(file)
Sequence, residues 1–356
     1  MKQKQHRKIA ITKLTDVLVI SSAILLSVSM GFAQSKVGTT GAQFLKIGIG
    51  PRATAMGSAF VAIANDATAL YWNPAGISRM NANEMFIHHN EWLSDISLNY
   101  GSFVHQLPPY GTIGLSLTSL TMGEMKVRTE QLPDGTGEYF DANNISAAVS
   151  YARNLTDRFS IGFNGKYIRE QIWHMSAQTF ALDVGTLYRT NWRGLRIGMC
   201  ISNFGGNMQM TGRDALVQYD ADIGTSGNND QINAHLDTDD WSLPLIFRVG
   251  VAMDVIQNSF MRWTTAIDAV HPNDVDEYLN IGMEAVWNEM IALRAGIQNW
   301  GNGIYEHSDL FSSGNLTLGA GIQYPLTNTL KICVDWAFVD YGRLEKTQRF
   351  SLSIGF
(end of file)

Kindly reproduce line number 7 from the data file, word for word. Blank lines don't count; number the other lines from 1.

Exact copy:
   251  VAMDVIQNSF MRWTTAIDAV HPNDVDEYLN IGMEAVWNEM IALRAGIQNW